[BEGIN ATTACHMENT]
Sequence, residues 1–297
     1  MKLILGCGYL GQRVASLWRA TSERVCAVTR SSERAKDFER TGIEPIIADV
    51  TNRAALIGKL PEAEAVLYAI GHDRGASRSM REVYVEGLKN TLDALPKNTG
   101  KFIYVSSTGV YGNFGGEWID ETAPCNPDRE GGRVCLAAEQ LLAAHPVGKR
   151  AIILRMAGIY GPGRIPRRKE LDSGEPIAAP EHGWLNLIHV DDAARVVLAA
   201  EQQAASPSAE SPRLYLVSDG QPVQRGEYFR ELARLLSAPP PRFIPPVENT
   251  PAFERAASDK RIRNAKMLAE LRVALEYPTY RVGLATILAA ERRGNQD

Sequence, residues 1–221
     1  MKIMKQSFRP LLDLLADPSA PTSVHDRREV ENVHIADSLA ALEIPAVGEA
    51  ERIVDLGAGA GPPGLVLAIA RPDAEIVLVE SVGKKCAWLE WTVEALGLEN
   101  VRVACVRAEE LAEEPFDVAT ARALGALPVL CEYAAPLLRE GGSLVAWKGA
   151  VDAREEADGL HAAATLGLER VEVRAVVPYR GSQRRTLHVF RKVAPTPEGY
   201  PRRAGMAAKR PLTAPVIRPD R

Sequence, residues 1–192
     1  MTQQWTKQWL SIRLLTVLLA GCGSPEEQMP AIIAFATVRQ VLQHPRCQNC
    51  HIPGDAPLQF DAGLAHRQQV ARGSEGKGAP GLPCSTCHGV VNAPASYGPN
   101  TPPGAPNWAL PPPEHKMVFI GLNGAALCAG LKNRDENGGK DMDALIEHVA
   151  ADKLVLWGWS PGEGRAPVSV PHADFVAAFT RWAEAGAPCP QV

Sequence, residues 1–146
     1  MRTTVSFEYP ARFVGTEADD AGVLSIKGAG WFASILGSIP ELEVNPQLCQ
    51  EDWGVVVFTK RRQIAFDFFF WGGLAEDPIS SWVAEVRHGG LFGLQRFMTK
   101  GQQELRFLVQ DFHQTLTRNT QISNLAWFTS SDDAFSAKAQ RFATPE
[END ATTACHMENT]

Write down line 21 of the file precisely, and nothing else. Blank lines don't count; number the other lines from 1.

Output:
    51  EDWGVVVFTK RRQIAFDFFF WGGLAEDPIS SWVAEVRHGG LFGLQRFMTK